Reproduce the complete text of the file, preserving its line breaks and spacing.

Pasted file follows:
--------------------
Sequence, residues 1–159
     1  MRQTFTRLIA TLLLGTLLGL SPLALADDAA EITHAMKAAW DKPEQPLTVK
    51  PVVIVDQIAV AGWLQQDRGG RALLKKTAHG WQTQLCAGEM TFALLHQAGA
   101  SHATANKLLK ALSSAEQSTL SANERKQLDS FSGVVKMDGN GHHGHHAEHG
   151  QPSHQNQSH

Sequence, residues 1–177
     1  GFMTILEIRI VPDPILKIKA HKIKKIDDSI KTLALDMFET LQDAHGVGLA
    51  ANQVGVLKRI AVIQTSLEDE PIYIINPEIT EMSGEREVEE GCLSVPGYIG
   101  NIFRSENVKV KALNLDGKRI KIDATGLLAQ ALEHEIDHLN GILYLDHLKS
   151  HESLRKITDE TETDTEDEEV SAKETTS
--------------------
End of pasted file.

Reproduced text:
Sequence, residues 1–159
     1  MRQTFTRLIA TLLLGTLLGL SPLALADDAA EITHAMKAAW DKPEQPLTVK
    51  PVVIVDQIAV AGWLQQDRGG RALLKKTAHG WQTQLCAGEM TFALLHQAGA
   101  SHATANKLLK ALSSAEQSTL SANERKQLDS FSGVVKMDGN GHHGHHAEHG
   151  QPSHQNQSH

Sequence, residues 1–177
     1  GFMTILEIRI VPDPILKIKA HKIKKIDDSI KTLALDMFET LQDAHGVGLA
    51  ANQVGVLKRI AVIQTSLEDE PIYIINPEIT EMSGEREVEE GCLSVPGYIG
   101  NIFRSENVKV KALNLDGKRI KIDATGLLAQ ALEHEIDHLN GILYLDHLKS
   151  HESLRKITDE TETDTEDEEV SAKETTS